An EP tube of stainless steel (SUS 316L) that had a diameter of 1/4 inch and the inner surface of which was electropolished was left to stand in atmospheric air as N2 gas purified with a zirconium getter purifier (SAES Getters S.p.A.) was allowed to flow through the tube and the phenomenon of tube cleanup was examined. The time profiles of the point of dew condensation (No) as measured by the prior art method, as well as the temperatures at the three points (S1 A, S2) for determining the points of equilibria are shown in FIG. 8. For convenience sake, the plots of both the points of equilibria and the point of dew condensation were computed from the equation for a curve of the vapor pressure of ice. According to FIG. 8, the points of equilibria decreased almost linearly irrespective of the differences in S, A and S, giving a good approximation for the phenomenon of water desorption from the inner surface of the tube. On the other hand, the point of dew condensation was lower and less stable than the points of equilibria.

Effectiveness of passivation treatment with O2

The above-mentioned electropolished (EP) tube of stainless steel (SUS 318L) was compared with an O2 passivation treated tube that was the same as the EP tube except that it was heat treated with an oxygen gas of low dew point. The measurement system used is shown in FIG. 9. The purifying gas was a nitrogen gas of very low dew point that was prepared by vaporizing liquid nitrogen. With its flow rate being controlled with a MFC (mass flow controller), the N2 was permitted to flow through the tube of interest and the cleanup speed was measured. Two tube sizes were selected: 3/8 inch and 1 inch o.d.

As for the tubes with the o.d. 3/8 inch, measurements were also conducted for varying temperatures of the passivation treatment with O2. The results are shown in FIG. 10, from which one can see that the cleanup speed was the lowest with the unpassivated EP tube whereas it was the highest with the tubes passivated at 400 C.-450 C. One can also see from FIG. 10 that the behavior of water release from the inner surface of tube varied with the temperature for treatment and that, inversely, an optimum temperature for treatment can be determined from the behaviour of water release. FIG. 11 shows the results of cleanup on a SUS 316L EP tube (1 inch.sup.φ) and a 16-m long EP tube that was subjected to passivation with O2 of low dew point.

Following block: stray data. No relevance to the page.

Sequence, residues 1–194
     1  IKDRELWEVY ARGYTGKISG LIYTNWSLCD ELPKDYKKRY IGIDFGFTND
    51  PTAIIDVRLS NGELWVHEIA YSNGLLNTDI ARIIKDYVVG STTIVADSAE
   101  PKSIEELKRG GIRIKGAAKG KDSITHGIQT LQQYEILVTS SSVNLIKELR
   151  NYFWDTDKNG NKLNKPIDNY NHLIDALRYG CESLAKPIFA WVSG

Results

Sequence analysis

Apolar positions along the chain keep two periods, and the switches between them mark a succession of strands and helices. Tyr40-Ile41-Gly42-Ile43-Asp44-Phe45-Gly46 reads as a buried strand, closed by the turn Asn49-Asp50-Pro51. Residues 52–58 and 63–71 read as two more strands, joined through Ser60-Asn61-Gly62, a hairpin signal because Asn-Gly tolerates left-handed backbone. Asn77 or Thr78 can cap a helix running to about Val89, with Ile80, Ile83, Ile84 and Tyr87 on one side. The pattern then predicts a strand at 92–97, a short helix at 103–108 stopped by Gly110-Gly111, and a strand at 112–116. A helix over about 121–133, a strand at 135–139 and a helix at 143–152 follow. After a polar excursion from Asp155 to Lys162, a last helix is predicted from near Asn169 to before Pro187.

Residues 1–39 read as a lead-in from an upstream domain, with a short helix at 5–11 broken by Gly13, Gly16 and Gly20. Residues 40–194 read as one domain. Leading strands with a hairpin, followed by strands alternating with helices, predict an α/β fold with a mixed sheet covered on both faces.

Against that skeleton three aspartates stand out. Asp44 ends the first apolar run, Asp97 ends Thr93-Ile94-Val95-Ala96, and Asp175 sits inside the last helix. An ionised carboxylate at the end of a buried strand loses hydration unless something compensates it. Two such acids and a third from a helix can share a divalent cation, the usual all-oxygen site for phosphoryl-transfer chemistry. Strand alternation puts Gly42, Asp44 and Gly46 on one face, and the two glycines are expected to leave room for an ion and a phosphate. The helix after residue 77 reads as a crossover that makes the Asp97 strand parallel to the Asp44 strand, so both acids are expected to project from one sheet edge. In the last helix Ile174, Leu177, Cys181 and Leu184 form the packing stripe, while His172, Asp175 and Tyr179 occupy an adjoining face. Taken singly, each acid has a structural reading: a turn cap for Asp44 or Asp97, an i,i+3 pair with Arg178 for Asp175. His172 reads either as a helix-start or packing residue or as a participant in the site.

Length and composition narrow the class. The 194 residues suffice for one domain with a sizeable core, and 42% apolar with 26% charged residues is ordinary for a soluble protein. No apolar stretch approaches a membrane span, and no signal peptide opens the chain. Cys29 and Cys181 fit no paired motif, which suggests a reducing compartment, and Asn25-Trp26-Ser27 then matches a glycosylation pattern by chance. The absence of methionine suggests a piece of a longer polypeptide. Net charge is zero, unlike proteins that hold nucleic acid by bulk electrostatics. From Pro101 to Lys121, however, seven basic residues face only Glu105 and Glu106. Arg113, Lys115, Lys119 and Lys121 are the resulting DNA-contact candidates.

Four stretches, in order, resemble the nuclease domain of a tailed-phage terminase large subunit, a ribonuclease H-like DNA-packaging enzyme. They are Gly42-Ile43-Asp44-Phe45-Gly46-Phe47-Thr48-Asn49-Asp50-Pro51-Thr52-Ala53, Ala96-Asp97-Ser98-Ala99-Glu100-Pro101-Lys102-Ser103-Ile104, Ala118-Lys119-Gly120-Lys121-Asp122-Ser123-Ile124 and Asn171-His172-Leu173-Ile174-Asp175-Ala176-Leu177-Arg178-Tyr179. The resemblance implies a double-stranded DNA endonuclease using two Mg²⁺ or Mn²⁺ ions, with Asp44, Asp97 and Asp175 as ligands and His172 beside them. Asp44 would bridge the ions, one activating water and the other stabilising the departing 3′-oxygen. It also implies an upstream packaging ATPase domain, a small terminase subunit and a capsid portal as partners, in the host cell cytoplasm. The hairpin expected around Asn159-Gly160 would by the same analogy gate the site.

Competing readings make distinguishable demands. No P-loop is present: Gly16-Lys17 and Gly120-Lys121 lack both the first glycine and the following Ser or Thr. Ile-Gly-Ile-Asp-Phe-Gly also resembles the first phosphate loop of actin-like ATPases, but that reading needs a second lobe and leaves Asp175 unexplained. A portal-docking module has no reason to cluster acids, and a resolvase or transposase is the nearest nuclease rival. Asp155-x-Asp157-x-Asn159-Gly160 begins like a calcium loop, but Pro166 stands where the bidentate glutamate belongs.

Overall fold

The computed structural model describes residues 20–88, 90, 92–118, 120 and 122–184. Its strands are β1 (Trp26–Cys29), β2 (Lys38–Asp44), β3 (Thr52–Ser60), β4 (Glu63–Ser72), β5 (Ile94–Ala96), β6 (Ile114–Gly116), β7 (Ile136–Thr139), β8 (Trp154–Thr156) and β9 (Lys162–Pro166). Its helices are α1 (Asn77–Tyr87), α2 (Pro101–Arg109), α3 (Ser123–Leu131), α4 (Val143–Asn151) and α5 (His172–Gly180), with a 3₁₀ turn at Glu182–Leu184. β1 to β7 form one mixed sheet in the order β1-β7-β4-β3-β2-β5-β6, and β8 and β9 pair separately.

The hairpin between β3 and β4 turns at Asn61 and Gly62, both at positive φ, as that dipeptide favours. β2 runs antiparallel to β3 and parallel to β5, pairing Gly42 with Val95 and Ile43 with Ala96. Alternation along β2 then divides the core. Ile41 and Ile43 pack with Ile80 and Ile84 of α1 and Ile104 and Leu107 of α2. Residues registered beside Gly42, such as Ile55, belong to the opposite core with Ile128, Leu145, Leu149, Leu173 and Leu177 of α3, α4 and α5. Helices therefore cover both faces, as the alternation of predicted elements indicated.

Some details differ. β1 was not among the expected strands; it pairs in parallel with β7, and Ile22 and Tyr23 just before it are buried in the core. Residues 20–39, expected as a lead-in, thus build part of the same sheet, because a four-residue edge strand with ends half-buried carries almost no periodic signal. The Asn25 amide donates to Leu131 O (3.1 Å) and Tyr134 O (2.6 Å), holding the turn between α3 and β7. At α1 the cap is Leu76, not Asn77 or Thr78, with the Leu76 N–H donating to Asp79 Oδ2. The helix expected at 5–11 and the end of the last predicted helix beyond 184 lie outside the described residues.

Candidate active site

Relationship between dew point and water content

As is well known, the dew point can be converted to the water content and vice versa and, as a matter of fact, the water content is currently expressed in terms of such units as C. and ppm. Various methods of conversion are described below. A water content meter has such an operating principle that it measures the water content and converts it to a dew point. On the other hand, a dew point meter measures the dew point and converts it to a water content. To convert from one parameter to the other, the saturated vapor pressure of water is used and a calculation is made in terms of the ratio of partial pressure to total pressure. Since the saturated vapor pressure is a function of temperature, the ratio of partial pressure to total pressure at a given temperature will provide a simple means of determining the relationship between dew point and water content. Generally speaking, the dew point is determined from the point of phase transition at one atmosphere, namely, the point of dew (frost) condensation, and the total pressure is assumed to be one atmosphere. The method, however, has several problems, as described below.

(1) A number of experimental formulas have been reported to describe the curve for the saturated vapor pressure of water but they differ from one another by small degrees; and

(2) Since the saturated vapor pressure is used as a key parameter, conversion is possible only in the case where a complete equilibrium, or a saturated state, is to be measured.

Only after these points are taken into account, it is possible to perform a conversion from dew point to water content and vice versa. JIS K 0512 ("Hydrogen" ) lists a table of conversion between dew point and water content down to -100 C. but it is of no help at temperatures below -100 C. The only alternative for conversion is to use a line of extrapolation from the curve for the saturated vapor pressure of water as constructed in the manner described above. The formula that is known to be the most reliable today is:

log1 oPH.sbsb.2O =-2445.5646/T+8.2312 log10 T-0.01677006T+1.2051410-5 T2 -6. 757169

C=PH.sbsb.2O /760.109

where

T: dew point on the absolute scale (K)

PH.sbsb.2O : the saturated vapor pressure of water (mmHg)

C: water content (ppb)

This formula is given in International Critical Tables of Numerical Data, Physics, Chemistry and Tehcnology, Volume III, p.210, National Research Council of USA (1928).

FIG. 12 shows the relationship between the frost point of a standard gas (with a known water content) as calculated from the water content and the point of equilibrium ( C.) as measured in accordance with the present invention. FIG. 13 shows the relationship between the water content of a standard gas and the water content as calculated from the actually measured point of equilibrium. It is obvious from FIGS. 12 and 13 that the method of the present invention enables the water content of a gas to be measured in a very precise way. The apparatus used in the experiment for generating the standard gas was a model from Hitachi Tokyo Electronics Co., Ltd. (see FIG. 14), in which 30 ppm of a standard gas was diluted through two stages to generate the desired standard gas.